But hey, let’s not stop there. There is a lot of crap in this business. There is the politics for example. I recently learned that not only is it impossible to please everyone in this business, it is equally impossible to please anyone! No matter how straight you conduct your business, you’re going to upset someone. There’s no stopping it.

Then there is the day to day crap (manure) of canceled gigs and short pay. There are the back stabbing band members and hopeful opportunists. There are the panicky brides (affectionately referred to as “bridezilla” by the wedding industry) and their mothers and the high level CEOs who want your trumpet part in their commercial to sound more like Carlos Santana (who plays guitar, not trumpet). There is lame sheet music and the band leaders who jump on your case when you can’t read through the water splotches on the paper. There are so many negatives that go along with this business that most pros who end up leaving this line of work say that it simply isn’t worth it.

And yet, this is the crap that nourishes the performances. I think it’s commonly referred to as “Paying Dues”.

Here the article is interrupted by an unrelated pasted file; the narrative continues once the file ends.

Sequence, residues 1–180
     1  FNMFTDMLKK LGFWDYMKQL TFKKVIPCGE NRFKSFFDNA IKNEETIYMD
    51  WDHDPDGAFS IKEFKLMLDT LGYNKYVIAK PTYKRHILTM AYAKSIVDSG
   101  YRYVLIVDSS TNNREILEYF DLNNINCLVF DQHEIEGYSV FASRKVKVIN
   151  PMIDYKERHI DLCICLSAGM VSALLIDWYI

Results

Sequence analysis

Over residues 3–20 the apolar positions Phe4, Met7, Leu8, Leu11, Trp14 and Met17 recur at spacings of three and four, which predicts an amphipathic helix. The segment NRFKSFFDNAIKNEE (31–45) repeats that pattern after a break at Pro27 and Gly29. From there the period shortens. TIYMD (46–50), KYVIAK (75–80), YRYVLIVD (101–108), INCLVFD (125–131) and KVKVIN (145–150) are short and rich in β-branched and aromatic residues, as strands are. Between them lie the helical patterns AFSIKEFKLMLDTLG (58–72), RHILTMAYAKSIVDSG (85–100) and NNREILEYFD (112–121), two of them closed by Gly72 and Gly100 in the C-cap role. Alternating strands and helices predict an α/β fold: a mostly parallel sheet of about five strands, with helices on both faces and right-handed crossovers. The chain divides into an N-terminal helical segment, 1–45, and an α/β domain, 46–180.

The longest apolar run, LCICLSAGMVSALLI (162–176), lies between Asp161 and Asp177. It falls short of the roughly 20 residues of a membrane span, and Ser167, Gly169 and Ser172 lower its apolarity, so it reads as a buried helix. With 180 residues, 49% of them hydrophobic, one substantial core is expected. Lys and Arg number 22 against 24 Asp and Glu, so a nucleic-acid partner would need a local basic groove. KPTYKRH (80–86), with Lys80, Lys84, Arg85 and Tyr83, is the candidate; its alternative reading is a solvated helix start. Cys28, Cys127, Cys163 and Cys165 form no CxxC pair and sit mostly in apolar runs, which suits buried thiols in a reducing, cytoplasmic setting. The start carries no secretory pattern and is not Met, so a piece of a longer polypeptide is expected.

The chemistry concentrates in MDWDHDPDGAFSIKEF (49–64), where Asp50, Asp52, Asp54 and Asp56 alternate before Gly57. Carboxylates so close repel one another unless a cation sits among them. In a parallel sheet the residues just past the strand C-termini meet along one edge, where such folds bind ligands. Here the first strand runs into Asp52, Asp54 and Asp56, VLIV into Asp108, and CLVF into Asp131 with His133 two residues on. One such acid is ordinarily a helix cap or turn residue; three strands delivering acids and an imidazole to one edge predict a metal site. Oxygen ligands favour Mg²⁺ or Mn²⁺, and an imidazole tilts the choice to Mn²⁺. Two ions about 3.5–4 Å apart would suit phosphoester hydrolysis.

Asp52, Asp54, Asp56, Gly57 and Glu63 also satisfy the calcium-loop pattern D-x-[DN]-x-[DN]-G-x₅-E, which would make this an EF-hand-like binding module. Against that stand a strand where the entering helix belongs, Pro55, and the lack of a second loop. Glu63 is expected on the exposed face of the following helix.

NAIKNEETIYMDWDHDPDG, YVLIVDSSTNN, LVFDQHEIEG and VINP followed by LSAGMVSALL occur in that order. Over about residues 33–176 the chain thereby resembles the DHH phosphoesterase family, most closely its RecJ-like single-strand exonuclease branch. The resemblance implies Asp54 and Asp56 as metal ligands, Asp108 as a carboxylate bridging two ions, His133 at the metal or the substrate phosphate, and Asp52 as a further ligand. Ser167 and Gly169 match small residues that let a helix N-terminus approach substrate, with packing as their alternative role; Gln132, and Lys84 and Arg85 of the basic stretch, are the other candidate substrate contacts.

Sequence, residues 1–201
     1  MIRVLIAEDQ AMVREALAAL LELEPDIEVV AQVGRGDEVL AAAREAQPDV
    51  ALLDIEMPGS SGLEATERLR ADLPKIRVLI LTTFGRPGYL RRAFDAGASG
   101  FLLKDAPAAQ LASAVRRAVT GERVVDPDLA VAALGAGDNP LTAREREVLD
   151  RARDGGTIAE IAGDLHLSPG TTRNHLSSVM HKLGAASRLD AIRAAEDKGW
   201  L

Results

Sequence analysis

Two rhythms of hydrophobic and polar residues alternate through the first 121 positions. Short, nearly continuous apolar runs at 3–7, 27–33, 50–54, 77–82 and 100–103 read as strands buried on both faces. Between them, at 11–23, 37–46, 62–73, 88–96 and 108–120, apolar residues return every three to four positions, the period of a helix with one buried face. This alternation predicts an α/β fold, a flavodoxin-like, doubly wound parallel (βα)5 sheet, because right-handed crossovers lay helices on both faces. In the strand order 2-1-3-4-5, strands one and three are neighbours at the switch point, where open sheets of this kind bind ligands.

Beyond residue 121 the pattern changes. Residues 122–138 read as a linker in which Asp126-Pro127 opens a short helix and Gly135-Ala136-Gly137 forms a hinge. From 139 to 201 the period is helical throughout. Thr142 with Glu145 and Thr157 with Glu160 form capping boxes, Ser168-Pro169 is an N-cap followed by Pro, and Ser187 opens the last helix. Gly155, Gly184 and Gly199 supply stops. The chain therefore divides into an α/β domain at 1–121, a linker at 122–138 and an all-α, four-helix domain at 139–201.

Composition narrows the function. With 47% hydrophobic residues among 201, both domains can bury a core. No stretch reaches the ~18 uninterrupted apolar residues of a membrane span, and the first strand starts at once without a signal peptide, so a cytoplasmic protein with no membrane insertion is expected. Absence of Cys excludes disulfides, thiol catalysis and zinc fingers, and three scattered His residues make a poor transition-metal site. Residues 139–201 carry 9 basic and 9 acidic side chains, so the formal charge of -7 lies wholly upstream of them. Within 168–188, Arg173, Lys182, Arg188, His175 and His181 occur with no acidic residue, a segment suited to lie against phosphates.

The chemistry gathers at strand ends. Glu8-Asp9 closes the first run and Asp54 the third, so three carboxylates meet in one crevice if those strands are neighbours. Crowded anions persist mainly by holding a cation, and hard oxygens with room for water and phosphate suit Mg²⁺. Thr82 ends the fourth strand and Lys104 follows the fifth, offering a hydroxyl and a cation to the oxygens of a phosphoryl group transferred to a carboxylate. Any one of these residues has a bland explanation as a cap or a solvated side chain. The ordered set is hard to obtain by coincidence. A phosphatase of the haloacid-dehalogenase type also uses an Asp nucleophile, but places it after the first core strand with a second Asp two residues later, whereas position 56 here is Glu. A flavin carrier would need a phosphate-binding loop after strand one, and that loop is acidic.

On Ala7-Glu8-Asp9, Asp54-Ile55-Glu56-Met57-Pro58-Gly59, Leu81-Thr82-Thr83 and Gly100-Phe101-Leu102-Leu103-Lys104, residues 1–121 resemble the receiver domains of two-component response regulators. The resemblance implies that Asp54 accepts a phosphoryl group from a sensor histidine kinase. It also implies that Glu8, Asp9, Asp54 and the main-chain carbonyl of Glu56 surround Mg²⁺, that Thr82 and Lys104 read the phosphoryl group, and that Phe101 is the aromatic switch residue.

I’ve heard people who compare the jazz greats of the past to the high profile players of today. The common criticism of today’s players is that they lack a certain something that the greats used to have. I believe that this “something” is the “Crap”.

All of the jazz greats, who we hold in such high regard, made their livings more the way I do today. They were gigging players who played anything they got called for. In contrast, today’s top jazz players often go straight from school to the record labels and concert tours. They never have to play real salsa gigs, polkas, top forty bands, or weddings. All they’ve ever performed in their careers is concert styled jazz.

I believe that this is what we hear that is different with the new players. In a sense, they have achieved superficial success without ever having paid their dues. I’m not saying that what they do is easy or that there’s no crap in their lives. But it’s not the same. When you look at them and compare their careers to people like Clifford Brown, Charlie Parker and Dizzy Gillespie, you could almost say that today’s jazz players were born with silver spoons in their mouths by comparison.